'Welcome To Karachi': No thanks!

MUMBAI: Jackky Bhagnani is being launched for the fifth time in Welcome To Karachi by his home production, Puja Films, owned by his father, Vashu Bhagnani. There are two reasons why the producer should have been very, very selective about the subject he chose and should have had a better team writing it: the first is that what is at stake here is the career of the family scion, and the other is the investment of personal money. 


Entering Pakistan by mistake is no more a novel or exciting theme even if the guys doing it, Jackky and Arshad Warsi, are certifiable morons in the film. A recent film, Filmistan had the same theme, even the television serial Taarak Mehta Ka Ooltah Chashmah has had a few episodes where the protagonist, Jethalal, ambles into Pakistani territory. And, of course, our fishermen are also accused of straying on that count. So what's new? Also, with such a subject you can only make a comedy and for that you need writers, a species missing in our industry.


The producer holds a fancy for Gujaratis and here again, the lead man, Jackky, is from a Gujarati family, his father being Dalip Tahil. Tahil runs a ferry service in Jamnagar, a port town of Gujarat, and caters to the demand of wedding receptions on his boats. Tahil passes off his son, Jackky and his close pal, Arshad, both duffers, as geniuses who will look after the security of the guests. Arshad is supposed to be an ex-Navy man court-martialled for sinking a submarine. 


Now, there is a booking and Tahil’s instructions to his son are that, as soon as the baraat arrives, you take off. Jackky follows the instructions to the T. He watches as the baraat arrives near the jetty and the boat takes off. But, what do you know? This Jamnagar seems to be somewhere in the US (Jackky’s dream destination) for the boat is full of scantily dressed white women of varied ages and figures; as long as they are white, who cares! The usual dance and daru event follows till a storm strikes. The boat is sinking, half the white girls are conveniently sacrificed to the storm. 


Arshad and Jackky have landed on the coast of Karachi, lying unconscious the way thousands of marooned seafarers have done in as many fairy tales as well as in films. Karachi being a violent and lawless city, soon there is a bomb blast on the beach that they have landed at. A petty thief descends on the victims relieving the dead bodies of their belongings and this duo is not spared either. The wallets and, hence, the identities of both are stolen.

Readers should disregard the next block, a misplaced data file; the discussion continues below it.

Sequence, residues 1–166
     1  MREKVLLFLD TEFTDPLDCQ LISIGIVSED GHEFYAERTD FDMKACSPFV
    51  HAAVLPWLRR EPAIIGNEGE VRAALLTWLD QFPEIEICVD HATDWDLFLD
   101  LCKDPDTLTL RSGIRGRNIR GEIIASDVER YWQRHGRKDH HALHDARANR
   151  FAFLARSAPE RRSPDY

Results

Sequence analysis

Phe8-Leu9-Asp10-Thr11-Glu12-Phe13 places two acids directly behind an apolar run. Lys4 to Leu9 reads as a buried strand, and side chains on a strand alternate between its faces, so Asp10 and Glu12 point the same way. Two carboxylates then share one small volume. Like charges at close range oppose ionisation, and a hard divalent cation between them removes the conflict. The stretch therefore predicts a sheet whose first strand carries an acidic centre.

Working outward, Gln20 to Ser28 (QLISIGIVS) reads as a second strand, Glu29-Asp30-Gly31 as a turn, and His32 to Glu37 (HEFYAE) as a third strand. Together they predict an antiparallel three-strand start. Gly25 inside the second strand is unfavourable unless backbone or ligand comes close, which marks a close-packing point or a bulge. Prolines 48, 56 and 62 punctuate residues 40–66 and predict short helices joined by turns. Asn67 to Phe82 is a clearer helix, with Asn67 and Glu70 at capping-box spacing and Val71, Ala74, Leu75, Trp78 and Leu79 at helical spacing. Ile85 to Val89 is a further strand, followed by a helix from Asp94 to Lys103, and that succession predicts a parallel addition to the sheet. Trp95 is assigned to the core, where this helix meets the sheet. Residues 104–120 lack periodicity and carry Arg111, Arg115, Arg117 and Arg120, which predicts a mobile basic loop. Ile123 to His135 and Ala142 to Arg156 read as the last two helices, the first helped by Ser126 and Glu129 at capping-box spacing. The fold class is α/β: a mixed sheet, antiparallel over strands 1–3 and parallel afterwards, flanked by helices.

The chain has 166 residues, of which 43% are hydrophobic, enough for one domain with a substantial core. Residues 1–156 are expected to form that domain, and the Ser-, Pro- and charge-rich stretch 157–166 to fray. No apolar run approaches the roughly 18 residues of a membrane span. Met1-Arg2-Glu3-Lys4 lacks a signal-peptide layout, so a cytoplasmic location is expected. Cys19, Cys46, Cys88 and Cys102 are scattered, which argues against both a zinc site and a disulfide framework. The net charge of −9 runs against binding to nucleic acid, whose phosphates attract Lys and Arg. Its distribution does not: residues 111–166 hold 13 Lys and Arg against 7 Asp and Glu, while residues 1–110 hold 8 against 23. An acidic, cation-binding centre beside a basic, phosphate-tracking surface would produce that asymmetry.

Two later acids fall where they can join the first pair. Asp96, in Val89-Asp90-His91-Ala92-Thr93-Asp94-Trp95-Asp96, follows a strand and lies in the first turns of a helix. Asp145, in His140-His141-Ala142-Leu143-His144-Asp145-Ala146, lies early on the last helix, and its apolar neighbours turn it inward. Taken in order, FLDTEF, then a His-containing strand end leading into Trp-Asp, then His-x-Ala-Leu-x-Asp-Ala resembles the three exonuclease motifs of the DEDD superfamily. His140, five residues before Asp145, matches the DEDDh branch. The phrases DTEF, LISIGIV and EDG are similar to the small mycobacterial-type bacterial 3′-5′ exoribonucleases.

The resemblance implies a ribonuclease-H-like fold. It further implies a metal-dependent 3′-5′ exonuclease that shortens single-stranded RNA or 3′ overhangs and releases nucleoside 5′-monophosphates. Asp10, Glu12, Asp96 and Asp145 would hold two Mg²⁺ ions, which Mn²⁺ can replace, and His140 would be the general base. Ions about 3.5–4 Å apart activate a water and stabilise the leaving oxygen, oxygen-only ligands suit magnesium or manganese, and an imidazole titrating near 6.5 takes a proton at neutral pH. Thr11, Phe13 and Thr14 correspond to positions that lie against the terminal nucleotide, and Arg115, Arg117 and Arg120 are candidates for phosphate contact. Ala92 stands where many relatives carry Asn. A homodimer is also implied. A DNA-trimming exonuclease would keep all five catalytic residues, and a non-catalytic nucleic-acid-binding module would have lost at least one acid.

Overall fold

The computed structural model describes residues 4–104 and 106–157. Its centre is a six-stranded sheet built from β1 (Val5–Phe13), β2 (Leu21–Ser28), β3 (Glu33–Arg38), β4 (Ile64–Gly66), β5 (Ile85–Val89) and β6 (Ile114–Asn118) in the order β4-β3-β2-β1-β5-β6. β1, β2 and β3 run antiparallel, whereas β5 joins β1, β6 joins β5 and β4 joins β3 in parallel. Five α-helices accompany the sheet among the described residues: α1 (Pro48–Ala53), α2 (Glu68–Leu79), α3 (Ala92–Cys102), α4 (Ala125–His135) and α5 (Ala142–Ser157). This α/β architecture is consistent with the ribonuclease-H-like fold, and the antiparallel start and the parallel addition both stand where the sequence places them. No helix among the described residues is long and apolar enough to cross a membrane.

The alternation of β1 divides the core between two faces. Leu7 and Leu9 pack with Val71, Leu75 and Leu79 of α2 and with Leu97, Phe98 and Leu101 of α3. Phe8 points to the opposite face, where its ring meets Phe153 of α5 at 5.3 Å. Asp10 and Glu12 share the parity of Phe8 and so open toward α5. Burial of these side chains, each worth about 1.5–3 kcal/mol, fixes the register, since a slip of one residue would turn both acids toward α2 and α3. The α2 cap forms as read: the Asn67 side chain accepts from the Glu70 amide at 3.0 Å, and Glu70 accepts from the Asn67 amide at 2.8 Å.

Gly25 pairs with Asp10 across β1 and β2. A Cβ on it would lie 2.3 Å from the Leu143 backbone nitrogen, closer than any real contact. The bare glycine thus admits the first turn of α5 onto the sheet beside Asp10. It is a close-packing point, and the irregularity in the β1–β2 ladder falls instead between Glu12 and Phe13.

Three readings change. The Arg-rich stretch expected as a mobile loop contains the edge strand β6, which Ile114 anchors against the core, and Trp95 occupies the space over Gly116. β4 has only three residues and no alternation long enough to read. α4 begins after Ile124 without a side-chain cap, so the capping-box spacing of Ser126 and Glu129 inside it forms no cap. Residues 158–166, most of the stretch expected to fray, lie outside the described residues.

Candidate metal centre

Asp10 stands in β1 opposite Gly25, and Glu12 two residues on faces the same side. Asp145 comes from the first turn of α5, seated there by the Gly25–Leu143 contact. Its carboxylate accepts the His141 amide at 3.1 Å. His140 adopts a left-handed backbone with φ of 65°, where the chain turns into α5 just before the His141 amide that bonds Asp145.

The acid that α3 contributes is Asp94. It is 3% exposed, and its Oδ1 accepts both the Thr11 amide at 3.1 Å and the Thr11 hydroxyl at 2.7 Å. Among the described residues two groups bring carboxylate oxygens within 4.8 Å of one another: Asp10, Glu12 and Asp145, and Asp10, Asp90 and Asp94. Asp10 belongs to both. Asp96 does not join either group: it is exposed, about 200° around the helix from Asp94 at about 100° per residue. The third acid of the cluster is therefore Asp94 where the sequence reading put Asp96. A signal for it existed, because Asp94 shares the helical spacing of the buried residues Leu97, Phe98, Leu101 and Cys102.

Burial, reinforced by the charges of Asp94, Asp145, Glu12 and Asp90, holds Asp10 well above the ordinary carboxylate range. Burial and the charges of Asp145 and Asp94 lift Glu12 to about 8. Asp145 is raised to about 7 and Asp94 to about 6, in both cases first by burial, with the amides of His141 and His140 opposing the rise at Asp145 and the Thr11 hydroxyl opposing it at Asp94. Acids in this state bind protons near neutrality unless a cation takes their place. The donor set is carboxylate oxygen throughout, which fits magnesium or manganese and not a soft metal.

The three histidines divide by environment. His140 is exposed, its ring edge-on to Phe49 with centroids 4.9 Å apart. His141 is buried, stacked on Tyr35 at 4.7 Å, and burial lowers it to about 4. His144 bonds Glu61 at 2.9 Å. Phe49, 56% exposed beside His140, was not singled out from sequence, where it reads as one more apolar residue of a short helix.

Jackky and Arshad are now on the ISI’s radar and later handed over to the Taliban where they unwittingly destroy the entire Taliban camp. The CIA wants to hog the credit and on one side, a Pakistani minister wants to do the same by calling the two brave soldiers as his party members while the Indian electronic media catches on to the story identifying them as Indians from Jamnagar. Poor morons know nothing of all that they have done and the stories being built around them. Their only wish is to return to India. You wish too that they return to India and the charade ends. Alas!


Welcome To Karachi is a grossly ill-conceived idea and further done to death in execution. The director had nothing to go on and not realizing that shows his lack of script sense. The film is designed as a comedy and the only funny thing about it is that the film is a joke. Neither there is humour, nor any witty dialogues. Music is functional. Editing is not visible. Production is patchy.


As for performances, it is mainly buffoonery on the parts of both main actors. Arshad, otherwise an accomplished actor, is at sea here. Jackky is not an actor so nothing is expected of him and he delivers nothing; his Kathiawadi Gujarati accent sticks to same tone and decibel all along. The heroine, Lauren Gottlieb, plays more of a cameo than the lead. The rest are incidental. 


Welcome To Karachi is a poor fare on all counts.


Producer: Vashu Bhagnani


Director: Ashish R Mohan


Cast: Arshad Warsi, Jakky Bhagnani

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